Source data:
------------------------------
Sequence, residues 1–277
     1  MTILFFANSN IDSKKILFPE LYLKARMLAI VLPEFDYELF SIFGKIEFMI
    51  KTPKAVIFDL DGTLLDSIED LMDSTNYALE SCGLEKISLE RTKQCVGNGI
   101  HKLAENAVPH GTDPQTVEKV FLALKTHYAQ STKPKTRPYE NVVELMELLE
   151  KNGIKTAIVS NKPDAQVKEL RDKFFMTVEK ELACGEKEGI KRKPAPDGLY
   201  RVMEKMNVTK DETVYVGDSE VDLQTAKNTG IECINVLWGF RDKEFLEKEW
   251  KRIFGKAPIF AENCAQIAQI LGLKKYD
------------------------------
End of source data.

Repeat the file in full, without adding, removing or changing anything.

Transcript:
Sequence, residues 1–277
     1  MTILFFANSN IDSKKILFPE LYLKARMLAI VLPEFDYELF SIFGKIEFMI
    51  KTPKAVIFDL DGTLLDSIED LMDSTNYALE SCGLEKISLE RTKQCVGNGI
   101  HKLAENAVPH GTDPQTVEKV FLALKTHYAQ STKPKTRPYE NVVELMELLE
   151  KNGIKTAIVS NKPDAQVKEL RDKFFMTVEK ELACGEKEGI KRKPAPDGLY
   201  RVMEKMNVTK DETVYVGDSE VDLQTAKNTG IECINVLWGF RDKEFLEKEW
   251  KRIFGKAPIF AENCAQIAQI LGLKKYD